Excerpts from a blog on the new site, Heterodox Academy
The overall levels of tolerance in society do fluctuate. People are more willing to restrict political rights to their foes during times of war or international threat. Yet, while the baseline for tolerance fluctuates over time, it has always been the case, until recently, that younger people were the most tolerant. This relationship between age and tolerance is what led Stouffer and others to conclude that our society would grow more tolerant over time. The fact that this trend has now reversed has significant implications. If it continues, we will grow less and less tolerant over time.
My late colleague, Stanley Rothman, makes a compelling and thorough case for the lasting impact of the New Left on American values in his last book, The End of the Experiment. Marcuse is widely regarded by political theorists as the most influential philosopher of the Frankfurt School.
But one doesn’t have to read Rothman’s book to understand that young people are now articulating a New Left philosophy about free speech and academic freedom. Students repeatedly ban speakers who offend their sensibilities while framing their objections in Marcuse’s terms. For example, in an op-ed in the Harvard Crimson last year, a student argues for “academic justice” to replace academic freedom. In this view, universities have a social responsibility to be intolerant towards those who would promote racism, sexism and homophobia.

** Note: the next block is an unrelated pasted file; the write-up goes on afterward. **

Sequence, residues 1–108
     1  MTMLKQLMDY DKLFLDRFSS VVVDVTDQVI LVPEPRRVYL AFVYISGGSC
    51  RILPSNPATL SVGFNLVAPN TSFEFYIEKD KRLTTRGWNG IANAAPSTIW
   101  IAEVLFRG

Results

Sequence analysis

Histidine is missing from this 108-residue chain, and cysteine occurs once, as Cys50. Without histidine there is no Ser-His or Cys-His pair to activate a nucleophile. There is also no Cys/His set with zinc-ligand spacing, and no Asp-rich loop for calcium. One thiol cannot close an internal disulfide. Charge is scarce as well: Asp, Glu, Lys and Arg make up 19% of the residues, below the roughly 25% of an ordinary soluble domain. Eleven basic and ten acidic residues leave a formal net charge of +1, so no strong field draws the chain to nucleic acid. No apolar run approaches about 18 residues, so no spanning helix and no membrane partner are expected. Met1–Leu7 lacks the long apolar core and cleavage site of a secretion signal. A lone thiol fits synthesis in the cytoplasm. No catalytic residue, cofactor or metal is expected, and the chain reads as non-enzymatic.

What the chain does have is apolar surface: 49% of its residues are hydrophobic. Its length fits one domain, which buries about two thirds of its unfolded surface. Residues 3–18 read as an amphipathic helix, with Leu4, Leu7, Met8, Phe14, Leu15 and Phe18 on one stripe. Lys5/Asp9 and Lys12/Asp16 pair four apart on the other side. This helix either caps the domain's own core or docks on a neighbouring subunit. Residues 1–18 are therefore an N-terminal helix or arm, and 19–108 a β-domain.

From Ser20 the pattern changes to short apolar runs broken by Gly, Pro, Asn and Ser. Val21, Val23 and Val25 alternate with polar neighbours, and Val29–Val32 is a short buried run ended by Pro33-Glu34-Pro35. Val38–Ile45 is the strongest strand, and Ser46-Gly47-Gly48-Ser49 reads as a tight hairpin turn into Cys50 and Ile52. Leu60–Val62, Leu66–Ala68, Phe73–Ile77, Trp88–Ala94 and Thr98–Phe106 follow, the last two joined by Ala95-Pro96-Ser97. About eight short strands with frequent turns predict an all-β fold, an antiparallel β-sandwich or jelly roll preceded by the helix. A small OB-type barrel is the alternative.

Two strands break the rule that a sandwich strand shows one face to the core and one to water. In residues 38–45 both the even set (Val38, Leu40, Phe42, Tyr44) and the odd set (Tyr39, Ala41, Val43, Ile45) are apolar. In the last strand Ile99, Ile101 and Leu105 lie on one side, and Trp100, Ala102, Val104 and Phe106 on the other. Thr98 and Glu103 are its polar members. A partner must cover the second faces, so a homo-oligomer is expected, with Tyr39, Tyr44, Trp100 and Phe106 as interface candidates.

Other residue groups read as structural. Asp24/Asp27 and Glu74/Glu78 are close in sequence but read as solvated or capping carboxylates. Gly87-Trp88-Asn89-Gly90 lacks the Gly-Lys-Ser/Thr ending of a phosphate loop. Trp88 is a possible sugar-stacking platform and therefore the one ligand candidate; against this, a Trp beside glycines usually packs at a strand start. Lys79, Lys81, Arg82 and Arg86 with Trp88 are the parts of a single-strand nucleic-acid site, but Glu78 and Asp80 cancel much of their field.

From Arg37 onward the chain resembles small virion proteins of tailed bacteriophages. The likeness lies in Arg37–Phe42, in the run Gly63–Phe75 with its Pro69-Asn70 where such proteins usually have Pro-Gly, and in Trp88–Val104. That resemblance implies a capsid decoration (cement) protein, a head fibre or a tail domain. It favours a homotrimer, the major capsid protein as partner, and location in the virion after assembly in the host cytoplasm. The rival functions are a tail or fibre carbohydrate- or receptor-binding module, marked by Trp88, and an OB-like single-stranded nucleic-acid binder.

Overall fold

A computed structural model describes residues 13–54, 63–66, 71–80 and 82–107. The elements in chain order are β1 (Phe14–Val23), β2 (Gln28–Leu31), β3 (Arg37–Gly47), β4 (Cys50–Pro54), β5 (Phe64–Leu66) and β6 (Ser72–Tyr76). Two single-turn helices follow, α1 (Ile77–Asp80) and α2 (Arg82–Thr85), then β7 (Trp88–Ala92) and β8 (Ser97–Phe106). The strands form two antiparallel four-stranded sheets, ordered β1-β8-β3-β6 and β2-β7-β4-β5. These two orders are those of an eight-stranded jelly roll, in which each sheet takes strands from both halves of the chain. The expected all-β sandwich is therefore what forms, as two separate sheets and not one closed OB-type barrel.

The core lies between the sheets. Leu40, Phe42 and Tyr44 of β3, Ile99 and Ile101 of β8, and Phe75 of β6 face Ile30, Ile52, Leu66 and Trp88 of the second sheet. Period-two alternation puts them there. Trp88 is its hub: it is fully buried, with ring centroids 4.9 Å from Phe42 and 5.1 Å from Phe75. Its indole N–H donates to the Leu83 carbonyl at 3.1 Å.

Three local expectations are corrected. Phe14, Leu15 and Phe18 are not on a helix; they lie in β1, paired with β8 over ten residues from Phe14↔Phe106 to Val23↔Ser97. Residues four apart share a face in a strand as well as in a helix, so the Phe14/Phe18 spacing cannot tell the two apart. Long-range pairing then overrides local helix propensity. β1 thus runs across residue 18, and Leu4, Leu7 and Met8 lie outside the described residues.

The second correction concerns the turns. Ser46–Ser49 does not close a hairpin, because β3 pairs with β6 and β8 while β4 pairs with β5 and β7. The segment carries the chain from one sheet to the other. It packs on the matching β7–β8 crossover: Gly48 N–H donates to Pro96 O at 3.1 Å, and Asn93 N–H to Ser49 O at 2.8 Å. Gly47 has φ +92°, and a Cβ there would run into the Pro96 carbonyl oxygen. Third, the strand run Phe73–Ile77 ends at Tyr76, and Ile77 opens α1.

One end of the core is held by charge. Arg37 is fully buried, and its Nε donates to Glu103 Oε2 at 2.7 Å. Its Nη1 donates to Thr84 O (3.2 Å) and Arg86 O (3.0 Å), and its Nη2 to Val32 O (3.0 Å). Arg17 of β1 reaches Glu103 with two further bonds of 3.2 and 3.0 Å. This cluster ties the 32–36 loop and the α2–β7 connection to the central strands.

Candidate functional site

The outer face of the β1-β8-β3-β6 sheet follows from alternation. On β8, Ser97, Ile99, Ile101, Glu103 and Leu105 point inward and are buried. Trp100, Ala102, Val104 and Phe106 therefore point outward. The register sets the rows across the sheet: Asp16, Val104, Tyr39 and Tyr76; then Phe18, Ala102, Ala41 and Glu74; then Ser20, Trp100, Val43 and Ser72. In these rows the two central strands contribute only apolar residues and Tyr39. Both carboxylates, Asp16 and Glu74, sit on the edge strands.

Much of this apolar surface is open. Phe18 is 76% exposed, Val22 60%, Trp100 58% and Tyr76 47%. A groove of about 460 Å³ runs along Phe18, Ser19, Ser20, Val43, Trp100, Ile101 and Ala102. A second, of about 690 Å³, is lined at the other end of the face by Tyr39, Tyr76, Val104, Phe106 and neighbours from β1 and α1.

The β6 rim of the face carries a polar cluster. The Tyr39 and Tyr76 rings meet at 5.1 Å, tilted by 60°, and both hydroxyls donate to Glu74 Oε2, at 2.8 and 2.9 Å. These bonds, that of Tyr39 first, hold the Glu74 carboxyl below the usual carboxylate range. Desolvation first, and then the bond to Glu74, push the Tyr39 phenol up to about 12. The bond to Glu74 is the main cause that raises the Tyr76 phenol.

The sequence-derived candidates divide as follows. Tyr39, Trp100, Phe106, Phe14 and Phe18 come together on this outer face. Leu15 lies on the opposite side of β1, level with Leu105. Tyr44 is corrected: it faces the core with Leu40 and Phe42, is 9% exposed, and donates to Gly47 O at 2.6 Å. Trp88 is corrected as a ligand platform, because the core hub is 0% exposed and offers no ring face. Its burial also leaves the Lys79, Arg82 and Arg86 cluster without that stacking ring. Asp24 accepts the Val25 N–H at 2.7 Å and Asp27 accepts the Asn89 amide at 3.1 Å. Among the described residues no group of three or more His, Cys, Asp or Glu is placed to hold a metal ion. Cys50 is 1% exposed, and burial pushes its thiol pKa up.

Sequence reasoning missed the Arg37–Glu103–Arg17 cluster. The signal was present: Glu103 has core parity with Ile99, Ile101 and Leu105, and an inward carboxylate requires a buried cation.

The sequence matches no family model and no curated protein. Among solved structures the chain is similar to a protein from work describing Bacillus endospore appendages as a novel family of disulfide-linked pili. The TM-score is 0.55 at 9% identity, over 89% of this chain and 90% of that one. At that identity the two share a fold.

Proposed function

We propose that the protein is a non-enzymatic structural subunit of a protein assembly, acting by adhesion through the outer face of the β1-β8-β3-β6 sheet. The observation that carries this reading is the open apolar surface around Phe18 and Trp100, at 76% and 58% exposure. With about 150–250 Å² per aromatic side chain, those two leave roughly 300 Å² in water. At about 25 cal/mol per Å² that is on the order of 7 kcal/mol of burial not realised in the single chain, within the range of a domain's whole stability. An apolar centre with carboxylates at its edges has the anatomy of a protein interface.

James Gibson (1992), arguably the leading scholar on tolerance, concludes that intolerance creates a culture of conformity that makes all people more hesitant to exercise political liberties. So this is the irony of speech codes. When we teach students to silence racists, they also silence Muslims, atheists, and anyone who makes other people uncomfortable. Intolerance creates a general prohibition on controversial expression.
My research finds that the younger generation perceives a tension between social justice and free speech that previous generations did not.
Those under 40 who have a social justice orientation are generally more intolerant than those who do not. Again, this relationship is not present for those over 40. Those over 40 tend to articulate classical liberal philosophies, which emphasize the right to expression, even for our political foes. Ludwig von Mises argued that liberalism “demands toleration for doctrines and opinions that it deems detrimental and ruinous to society” since “only tolerance can create and preserve the condition of social peace.”
Perhaps there are other forces that explain these generational gaps in attitudes towards free expression. What is clear, however, is that older generation behaves as if they are influenced by classical liberalism and younger generations are behaving as if they were influenced by the New Left.
Yes, the kids are intolerant. That is, they are intolerant if we define tolerance as researchers have for the past six decades, as a measure of willingness to extend basic democratic rights to those one finds most objectionable.